Subject: Re: main return...
To: None <current-users@NetBSD.ORG,>
From: Peter Seebach <>
List: current-users
Date: 03/25/1996 19:01:04
No, there are *not* cases in which it is all right; it is invalid
standard C.  If you declare main to return int, but return no
value, the termination status is undefined; if you declare it to
return void, the entire program is undefined.  (This is probably
for the benefit of machines where different return types involve
different stack setup.)

However, even if you never return, main must have a return type of int
in Standard C.

Several books get this wrong.

I do not object to a silent 0 exit status; this is explicitly allowed
for.  I do mildly object to gcc suppressing the warning, but it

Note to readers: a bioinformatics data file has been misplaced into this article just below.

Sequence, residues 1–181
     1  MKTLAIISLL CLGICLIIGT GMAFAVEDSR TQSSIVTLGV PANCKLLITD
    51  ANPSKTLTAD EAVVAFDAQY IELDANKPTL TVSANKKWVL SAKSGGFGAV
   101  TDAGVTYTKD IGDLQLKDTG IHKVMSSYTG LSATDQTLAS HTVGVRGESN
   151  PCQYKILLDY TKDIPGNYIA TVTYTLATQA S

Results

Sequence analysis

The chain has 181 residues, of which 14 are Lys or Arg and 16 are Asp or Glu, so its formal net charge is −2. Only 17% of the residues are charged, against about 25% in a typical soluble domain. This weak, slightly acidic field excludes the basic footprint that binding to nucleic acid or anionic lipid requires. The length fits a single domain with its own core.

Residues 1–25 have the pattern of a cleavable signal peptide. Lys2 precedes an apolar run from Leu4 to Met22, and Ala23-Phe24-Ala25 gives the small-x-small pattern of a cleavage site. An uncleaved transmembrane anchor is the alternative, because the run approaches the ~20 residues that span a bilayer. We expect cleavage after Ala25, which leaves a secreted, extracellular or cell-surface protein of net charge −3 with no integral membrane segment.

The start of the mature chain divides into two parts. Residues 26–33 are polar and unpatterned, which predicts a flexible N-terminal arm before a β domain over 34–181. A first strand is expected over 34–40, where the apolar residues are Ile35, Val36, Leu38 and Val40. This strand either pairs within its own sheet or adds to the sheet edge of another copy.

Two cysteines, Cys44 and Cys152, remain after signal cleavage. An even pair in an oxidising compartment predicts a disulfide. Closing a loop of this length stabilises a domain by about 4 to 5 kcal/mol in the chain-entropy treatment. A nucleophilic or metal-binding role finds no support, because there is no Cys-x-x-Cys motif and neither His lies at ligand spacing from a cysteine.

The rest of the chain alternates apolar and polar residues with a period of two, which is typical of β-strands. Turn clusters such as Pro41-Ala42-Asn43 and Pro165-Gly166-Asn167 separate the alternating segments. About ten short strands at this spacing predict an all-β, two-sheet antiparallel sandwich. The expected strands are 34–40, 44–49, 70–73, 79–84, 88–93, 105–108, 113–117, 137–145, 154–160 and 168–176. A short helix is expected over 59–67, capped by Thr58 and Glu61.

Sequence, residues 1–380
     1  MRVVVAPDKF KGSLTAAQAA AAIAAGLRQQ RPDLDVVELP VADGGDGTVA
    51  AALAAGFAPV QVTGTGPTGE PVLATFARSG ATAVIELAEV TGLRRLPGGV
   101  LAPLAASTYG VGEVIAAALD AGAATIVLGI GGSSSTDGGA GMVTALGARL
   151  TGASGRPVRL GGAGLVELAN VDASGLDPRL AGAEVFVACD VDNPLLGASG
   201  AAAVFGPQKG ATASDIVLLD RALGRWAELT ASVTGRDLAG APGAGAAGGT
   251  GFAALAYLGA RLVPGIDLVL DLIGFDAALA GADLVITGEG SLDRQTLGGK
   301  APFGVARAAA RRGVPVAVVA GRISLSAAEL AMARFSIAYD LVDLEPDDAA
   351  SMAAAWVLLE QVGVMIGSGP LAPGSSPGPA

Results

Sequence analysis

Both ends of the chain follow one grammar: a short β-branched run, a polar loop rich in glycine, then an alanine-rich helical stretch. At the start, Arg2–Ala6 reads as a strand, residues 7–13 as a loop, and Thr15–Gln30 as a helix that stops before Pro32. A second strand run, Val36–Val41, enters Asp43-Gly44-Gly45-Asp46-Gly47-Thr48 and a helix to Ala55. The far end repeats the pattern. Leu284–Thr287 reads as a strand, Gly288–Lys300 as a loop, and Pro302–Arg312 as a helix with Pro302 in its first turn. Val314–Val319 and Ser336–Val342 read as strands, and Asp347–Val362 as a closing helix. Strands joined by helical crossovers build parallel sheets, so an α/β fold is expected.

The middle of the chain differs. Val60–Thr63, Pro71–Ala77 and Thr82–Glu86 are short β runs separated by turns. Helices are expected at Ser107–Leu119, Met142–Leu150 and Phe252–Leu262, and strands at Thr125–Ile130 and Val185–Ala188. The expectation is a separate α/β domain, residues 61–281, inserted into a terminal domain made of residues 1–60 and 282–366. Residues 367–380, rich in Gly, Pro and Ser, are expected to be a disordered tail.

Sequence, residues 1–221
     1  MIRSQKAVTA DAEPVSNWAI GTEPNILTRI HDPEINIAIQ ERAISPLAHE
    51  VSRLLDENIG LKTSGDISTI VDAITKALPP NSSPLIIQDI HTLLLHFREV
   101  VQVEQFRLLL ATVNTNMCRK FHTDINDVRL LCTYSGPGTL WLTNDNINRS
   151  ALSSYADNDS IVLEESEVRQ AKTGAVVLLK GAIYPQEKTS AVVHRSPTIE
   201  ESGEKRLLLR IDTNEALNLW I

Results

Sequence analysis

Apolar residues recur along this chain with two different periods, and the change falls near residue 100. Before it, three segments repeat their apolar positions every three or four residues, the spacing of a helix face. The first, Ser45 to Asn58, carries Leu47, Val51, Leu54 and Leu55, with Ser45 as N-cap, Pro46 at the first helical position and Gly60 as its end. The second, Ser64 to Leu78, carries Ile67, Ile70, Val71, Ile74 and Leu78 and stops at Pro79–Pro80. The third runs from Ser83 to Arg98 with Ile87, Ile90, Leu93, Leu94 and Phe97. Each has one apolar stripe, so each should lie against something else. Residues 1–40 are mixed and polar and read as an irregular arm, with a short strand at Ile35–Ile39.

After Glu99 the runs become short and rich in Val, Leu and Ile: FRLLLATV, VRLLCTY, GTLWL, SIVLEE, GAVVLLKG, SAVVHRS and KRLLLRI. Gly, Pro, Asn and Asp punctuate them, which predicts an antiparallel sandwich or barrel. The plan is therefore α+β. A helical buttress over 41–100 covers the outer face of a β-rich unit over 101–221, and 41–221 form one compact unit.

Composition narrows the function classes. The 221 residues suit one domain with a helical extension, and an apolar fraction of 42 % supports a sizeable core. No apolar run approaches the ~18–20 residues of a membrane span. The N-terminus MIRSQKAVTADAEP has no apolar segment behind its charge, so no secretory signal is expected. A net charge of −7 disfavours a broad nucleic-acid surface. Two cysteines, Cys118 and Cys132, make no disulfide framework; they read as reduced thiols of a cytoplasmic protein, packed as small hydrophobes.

could easily be added back in.

I would rather have a warning for "void main" or "struct foo {} main"
(a common typo mistake) than have a warning for falling off the end;
a warning for specifically illegal code is better than a warning for
specifically legal code.

If anyone wants the specific quotes and references on why void main
is forbidden, not merely bad style, I'd be glad to quote the standard,
it's just a bit dry as reading goes.  Quick summary:  The behavior
of main is defined for two forms, int main(void), and int main(int argc,
char *argv[]).  Wording is provided that allows argv to be spelt "char **",
and either parameter to have different names.  No other forms are
defined; thus, by 3.16 (ISO numbering), any other form introduces
undefined behavior.  Specific quotes available by request.